Probably one of the more common stitches in sewing, a single needle passes through the fabric creating a smooth even seam. The upper and lower threads join in the fabric and “lock” in place to prevent unraveling.
Almost identical to the single needle lockstitch, this machine uses two needles which helps to cut production costs. This stitch can sacrifice the smoothness on some materials. The most common use of this machine is denim stitching.
Just what it sounds like, these machines use multiple needles, heads and often colors of thread at the same time. More commonly seen in embroidery, they can sew multiple patterns and items simultaneously.
This piece of equipment derives its name from its close resemblance to an actual foot. For heavy duty applications, this helps feed material into the machine ensuring an evenly stitched final product.
While often referred to as a “serger” stitch in North America this machine has a variety of uses. Most commonly it is used for creating hems and loops on the very edge of the fabric or material. Many of these machines can also create decorative edging as well.
True to its name this simple stich has a variety of uses, one of which is enabling stretchy fabrics to stretch further without breaking a stitch.
These programmable machines move along a grid pattern and are able to sew thousands of stitches a minute. The other great benefit is the ability to save the patterns to a drive for easy recreation and uniformity.
Most commonly used with knitted fabrics and materials that will need to have good range of motion, it combines the zig zag pattern on the underside while having a double needle look on top.
These stitches are primarily utilized as reinforcing for high wear or extreme stress. These are the preferred method for attaching molle style webbing, tactical gear loops and garment openings.
Yup that’s it, a square (or rectangle) with a cross through it in the shape of an X. Chances are you’ve seen these every day from holding handles on a briefcase or on a tactical shoulder straps.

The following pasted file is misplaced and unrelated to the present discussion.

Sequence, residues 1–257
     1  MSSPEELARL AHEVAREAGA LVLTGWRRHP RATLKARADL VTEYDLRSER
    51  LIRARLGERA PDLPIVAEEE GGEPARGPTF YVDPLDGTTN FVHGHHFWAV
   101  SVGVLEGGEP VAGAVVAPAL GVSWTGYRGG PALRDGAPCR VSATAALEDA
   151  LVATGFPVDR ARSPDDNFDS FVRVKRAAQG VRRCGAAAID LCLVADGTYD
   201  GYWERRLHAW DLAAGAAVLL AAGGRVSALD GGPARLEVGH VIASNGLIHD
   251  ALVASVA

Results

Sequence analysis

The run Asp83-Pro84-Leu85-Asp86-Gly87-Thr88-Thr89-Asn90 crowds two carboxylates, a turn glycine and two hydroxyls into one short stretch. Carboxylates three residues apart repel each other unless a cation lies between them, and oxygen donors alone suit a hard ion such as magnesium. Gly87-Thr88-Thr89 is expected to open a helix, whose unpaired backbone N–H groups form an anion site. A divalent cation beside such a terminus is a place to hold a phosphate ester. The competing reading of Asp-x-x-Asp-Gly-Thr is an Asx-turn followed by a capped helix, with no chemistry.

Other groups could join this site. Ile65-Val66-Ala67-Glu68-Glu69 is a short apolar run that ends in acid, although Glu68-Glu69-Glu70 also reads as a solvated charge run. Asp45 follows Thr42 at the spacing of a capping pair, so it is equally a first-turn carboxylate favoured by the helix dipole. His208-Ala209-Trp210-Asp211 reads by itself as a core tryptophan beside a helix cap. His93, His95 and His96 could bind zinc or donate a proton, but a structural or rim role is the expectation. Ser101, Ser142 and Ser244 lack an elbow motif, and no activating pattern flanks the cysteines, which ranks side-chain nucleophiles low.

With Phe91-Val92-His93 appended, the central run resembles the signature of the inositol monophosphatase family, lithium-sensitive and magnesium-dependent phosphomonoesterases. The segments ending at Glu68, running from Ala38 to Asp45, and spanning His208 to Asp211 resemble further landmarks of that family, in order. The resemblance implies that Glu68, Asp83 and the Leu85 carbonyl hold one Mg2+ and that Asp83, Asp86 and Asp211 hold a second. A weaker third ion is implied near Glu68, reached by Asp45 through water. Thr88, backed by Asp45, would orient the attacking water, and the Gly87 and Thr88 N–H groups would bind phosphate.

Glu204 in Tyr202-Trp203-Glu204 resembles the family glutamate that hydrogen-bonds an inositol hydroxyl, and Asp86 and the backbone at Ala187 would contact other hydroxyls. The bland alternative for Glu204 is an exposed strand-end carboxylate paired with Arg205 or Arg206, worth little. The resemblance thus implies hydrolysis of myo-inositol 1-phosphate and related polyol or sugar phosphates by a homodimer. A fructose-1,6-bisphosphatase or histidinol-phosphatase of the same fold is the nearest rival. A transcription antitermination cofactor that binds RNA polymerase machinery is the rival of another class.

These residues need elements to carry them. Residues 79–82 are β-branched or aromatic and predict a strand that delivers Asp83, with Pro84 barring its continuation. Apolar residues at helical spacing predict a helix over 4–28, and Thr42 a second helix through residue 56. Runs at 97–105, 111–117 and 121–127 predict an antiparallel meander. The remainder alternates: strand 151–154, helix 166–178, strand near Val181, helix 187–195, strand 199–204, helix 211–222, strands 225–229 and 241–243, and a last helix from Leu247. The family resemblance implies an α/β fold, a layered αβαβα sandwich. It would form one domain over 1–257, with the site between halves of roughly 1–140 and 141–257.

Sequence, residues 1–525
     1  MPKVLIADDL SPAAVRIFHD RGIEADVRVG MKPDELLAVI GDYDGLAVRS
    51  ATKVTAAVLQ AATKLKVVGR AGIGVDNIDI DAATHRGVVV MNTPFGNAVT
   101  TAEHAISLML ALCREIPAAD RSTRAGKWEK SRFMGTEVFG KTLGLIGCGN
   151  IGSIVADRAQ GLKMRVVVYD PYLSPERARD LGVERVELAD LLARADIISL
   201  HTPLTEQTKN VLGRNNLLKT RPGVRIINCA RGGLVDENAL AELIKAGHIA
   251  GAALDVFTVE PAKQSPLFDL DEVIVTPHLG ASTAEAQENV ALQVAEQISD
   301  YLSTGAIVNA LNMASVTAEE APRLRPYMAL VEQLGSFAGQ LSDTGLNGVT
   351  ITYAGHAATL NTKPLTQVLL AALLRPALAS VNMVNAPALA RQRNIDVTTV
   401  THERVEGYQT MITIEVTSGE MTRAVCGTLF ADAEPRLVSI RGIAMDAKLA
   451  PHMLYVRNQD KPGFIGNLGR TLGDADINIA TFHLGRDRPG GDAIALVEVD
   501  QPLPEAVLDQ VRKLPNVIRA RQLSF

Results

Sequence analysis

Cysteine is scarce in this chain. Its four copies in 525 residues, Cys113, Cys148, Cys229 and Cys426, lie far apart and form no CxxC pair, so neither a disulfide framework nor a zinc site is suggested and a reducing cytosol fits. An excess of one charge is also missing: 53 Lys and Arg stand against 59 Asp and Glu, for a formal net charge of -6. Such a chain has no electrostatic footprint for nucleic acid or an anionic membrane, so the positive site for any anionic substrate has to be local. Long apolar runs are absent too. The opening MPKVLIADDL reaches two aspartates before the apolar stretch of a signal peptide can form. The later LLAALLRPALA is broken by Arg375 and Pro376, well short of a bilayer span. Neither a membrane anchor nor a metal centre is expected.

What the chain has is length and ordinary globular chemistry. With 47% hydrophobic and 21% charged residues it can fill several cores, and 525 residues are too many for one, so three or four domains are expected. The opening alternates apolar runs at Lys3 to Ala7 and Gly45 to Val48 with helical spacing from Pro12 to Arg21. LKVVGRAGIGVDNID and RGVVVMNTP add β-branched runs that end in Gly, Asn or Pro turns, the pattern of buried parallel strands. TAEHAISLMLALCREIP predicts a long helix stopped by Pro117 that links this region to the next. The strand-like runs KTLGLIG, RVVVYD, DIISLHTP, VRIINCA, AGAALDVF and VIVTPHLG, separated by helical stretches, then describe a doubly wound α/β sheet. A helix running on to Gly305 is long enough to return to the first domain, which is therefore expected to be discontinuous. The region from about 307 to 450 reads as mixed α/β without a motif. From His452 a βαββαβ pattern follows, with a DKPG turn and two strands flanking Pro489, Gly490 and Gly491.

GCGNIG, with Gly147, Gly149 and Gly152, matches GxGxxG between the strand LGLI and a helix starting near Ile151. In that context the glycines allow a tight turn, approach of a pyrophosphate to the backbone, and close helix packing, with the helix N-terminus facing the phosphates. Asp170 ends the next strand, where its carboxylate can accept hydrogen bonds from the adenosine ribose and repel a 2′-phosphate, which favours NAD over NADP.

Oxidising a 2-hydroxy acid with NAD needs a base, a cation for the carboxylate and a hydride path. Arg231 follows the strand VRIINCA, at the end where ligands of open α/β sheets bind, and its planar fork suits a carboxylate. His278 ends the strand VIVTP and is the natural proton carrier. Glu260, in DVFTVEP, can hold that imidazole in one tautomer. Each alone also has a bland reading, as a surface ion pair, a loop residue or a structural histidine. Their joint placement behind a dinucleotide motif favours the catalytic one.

Often used in the construction of materials that will be in close contact with the skin this stitch has the added value of being both comfortable and strong.
This one is more about the machine than the pattern of the thread, a special base enables sewing of the material in a loop, mostly uses on round bags and totes.
Like the cylinder bed, this machine is tuned for a specific purpose- namely the sewing of three-dimensional bags and heavy gage material. Primarily used in construction of items like car seats, sofas and sporting goods.
Unlike some other stitches this one is made to not be seen and is normally located in the fold of the material.
Usually made of metal or plastic, these component pieces allow the attachment and detachment of parts, flaps and accessories between items. Snaps can be applied manually or automatically depending on the detail and precision needed with each material.
Grommets are used to create a metal or plastic reinforced hole in a material for a variety of uses- normally to protect cable pulls or prevent sheet or panel damage. Drainage, tie down, and tensioning points are a few examples.
Whether for reinforcement or fashion, rivets have been used for a long time, usually in the form of a simple two piece metal rod that is pressed through fabric or metal to create a permanent bond.
Ink is pulled through screens containing image layers and cured. While only one color is printed at a time, layering and using multiple screens allows for complex colors and effects. Flocking, metallic inks, mirrored silver, foil, water based inks, and expanding inks are just a few of our options.
Applying branding to products cut from materials like vinyl with a heat press is one option for labeling. Heat transfer provides a very durable and precise bond for applications that see a lot of abuse or are exposed to extreme elements.
Multi-head and multi-color machines are used to stitch anything from logos, lettering or even full-sized images into soft good applications. Once an image is digitized it can be recreated multiple times with accuracy and precision.
Steel or steel rule dies are created from patterns and used with heavy presses to cut a wide range of materials. This increases both cutting efficiency while ensuring all components are uniform.
Automated cutting ensures speed and accuracy when cutting webbing or cordage. From nylon to cotton, hook and loop to ribbon, it all can be measured and cut with precision. These machines can have cool or heated blades depending on the material being cut. Heated blades are used on synthetic components to ensure a smooth finished edge while preventing unraveling.
Using a screen stencil, we can label and place full color designs or logos on your product without the need to sew on tags or woven patches. Screen print labeling is the best for large quantity printing.
We can fold and place your products into your supplied packaging so they are ready to ship to your clients once they reach your distribution center. Depending on the need, drop-ship fulfillment could be an option.